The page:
Poetry Shelf review – Craig Foltz’s Locals Only: An outsider’s insider perspective on Aotearoa




Craig Foltz Locals Only: An outsider’s insider perspective on Aotearoa

Compound Press, 2020





You could think of Craig Foltz’s poetry collection Locals Only as a guidebook to place, unlike any other guidebook you have read, that takes sustenance in small and large pieces, in continuity and fragmentation. In steps and stones, and in stepping stones to here and elsewhere.


Each poem in this book responds to a specific area or regionally significant feature—filtered through the imagined lenses of the people who would be most familiar with it. Mountain passes, rocky outcrops & headlands. Pathways that have been drawn & erased by multiple civilisations. In other words, exactly those things that are unable to be located in the drivers atlas.


The title of each poem is broken in half, half at the start and half at the end, like a broken shell revealing its interior, like a broken journey – as though any movement through place will involve an accumulation of random engagements, never seamless, rich in fascination.

The poet of this collection is both traveller and self-proclaimed outsider. Craig moved here from the States over fifteen years ago, and this book has been slow in the making. No fleeting road trip. I also see the poet as philosopher. The travelling songbird. The cartographer. The cataloguer. The memoirist. The inventor.

How fitting – when we are living with new travel limits – to take a poetry road trip through Aotearoa, north to south, east to north, west to south, coastline to plains. On the left hand side the little map, on the right hand side the poem.

How fitting in these uncomfortable times to pick a place and go travelling.

Sometimes the poet’s sentences are discrete appearances, like the flash of bird out of the corner of one’s eye, like a jumpidity mind settling on this and that when you are away from home.

The silence of language is not necessarily lemony.


At other times there is a little flurry of bouncy links whether alliteration, assonance or theme:


The vocabulary love is the vocabulary of hardware

supplies. Cotter pins. Rub screws. Tube

cutters. Soft bamboo fencing. There is a pancake

house where one cannot order pancakes. Moreover,

there is spiritual degradation & forward momentum,

but no purchase with the ground. It rains,


from ‘Wave—’


Things are porous: the landscape as blotting paper, the sentence as sponge, the eye as fickle hoarder, the maps wide open.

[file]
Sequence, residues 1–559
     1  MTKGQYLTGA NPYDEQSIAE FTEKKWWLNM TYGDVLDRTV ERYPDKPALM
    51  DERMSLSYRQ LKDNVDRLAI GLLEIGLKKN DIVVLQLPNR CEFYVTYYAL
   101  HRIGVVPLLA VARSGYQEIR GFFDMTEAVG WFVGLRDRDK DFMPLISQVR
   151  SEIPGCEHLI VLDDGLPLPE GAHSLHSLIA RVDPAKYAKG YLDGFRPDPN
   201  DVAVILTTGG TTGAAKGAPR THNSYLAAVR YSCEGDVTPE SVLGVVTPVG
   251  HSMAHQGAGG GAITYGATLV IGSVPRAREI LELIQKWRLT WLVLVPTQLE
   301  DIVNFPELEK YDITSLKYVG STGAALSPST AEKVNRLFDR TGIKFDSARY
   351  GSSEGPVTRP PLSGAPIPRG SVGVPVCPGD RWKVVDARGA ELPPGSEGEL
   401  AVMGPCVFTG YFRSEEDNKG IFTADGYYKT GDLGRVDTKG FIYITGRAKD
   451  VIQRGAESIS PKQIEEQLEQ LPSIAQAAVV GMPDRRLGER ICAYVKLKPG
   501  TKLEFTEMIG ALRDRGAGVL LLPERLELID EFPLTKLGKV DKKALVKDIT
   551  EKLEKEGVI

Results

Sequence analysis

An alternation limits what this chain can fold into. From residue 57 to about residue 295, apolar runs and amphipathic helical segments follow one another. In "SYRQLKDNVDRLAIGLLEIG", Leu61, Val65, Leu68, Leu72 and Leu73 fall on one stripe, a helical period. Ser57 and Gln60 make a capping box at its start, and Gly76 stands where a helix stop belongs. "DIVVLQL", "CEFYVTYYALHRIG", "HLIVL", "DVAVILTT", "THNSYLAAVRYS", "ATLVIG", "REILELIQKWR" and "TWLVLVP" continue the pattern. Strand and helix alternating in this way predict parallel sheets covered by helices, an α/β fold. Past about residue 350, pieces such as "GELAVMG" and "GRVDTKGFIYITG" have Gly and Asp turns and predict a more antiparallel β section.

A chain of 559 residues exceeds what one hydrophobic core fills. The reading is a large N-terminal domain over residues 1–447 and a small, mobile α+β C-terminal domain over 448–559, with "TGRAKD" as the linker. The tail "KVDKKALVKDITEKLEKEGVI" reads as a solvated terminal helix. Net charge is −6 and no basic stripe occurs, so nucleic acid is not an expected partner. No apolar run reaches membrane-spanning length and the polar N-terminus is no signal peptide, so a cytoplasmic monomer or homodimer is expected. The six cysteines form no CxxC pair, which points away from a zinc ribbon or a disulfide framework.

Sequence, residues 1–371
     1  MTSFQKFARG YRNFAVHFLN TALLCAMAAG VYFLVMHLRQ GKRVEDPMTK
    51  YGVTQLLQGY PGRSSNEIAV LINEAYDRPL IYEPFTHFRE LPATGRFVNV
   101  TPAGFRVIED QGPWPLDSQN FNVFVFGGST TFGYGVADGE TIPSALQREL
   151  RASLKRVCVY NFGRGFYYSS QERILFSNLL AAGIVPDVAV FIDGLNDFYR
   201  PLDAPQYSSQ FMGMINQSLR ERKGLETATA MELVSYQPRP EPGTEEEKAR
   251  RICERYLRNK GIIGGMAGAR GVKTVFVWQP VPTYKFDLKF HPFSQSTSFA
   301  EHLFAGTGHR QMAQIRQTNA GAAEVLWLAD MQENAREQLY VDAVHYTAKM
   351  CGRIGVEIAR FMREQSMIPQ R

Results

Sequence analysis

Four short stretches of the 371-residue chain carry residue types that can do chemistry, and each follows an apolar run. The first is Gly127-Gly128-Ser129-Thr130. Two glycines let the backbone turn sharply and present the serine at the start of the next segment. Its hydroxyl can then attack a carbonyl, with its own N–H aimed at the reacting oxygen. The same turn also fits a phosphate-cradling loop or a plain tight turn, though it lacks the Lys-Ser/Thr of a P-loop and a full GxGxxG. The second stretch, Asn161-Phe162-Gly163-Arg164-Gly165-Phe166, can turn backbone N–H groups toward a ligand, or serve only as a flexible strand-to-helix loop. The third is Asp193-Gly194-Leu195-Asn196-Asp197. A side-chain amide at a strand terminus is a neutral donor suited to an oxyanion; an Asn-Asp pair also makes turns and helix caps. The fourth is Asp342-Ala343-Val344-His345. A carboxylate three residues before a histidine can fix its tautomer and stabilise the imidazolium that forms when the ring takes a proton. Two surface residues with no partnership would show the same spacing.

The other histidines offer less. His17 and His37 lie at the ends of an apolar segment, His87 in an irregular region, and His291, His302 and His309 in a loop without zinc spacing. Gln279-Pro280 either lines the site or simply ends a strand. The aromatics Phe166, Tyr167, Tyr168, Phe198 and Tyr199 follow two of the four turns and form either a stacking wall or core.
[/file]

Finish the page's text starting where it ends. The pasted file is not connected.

Pronouns are equally mobile. I love the way ‘you’ is on the move, and I feel like I’m invited to step into the active pronoun, and getting imagining and contributing. Not just a passive back-seat passenger.


(…) One of the volcanoes has

the tendency to explode unexpectedly. Whenever it does

we walk down to the harbour & join the rest of the city in

celebration. What is one to do? The poem calls for

a cheerful input at that point, so we trudge along. The sieve

of my dreams has opened up again revealing itself in pink

salts & home recording studio devices. If there is one lasting

image this is it. Snapper patrol the shores while kowhai

are in bloom. Imagine yourself floating in the water alongside

the bloated corpses of your neighbours, jabbing their torsos

to see how much elasticity the tissue of their skin retains.


from ‘Sugar—’


I love the way reading this collection mimics travel. Many of the poems host a triptych of words: three words alliterating like a picnic spot in the poem (‘Tendon. Tender. Tendrils.’). This is staccato reading. I keep stalling to peer through the windows of a poem. I gather echoes and the jumpstart my own connections. I am in the Hokianga breathing in the salty air, the hefty dunes, the deep-set spirituality.


Italo Calvino’s groundbreaking Invisible Cities is anywhere and everywhere in its openness, but it is also specifically Venezia (not that we know that as we read). I mention this, because Anna Gurton-Wachter mentions Italo’s novel and its anywhereness in her endorsement of Locals Only. Craig manages both to open up specific places for us to claim for our own personal roadmaps and also to offer physical anchors that make place a definite point on the map.

Nikki-Lee Birdsey, Ellie Ga and Alison Glenny have also written striking endorsements for the collection. As Nikki-Lee says, Locals Only suggests ‘the act of expression is still an act of hope’. As with any travel, there is wonder, awe, reflection that is as much about language as it is about geography.

Questions arise. They always do on road trips. What does ‘outsider’ status preclude? Who becomes insider? Is travel weighted towards the imagined? Does the act of expression also signpost place as threatened, built on generational narratives as much as valleys and bush?

I am reminded of the dense-thicket poetry of Lisa Samuels that demands an equal if somewhat different series of travel routes.  Lyrical. Connection rich. Fractured. Complex. Self confessional. Self reserved. Visually potent. Language loving. Intellectually textured. Endlessly diverting as any good road trip ought to be. I am picturing diversion signs, because I pick up the collection and started reading, and am diverted off route, and find myself daydreaming.



Craig Foltz (US/NZ) is an artist and writer who has lived in Auckland for almost two decades. He has previously released two books on Ugly Duckling Presse.

His website is divided into parts of speech.

Compound Press page

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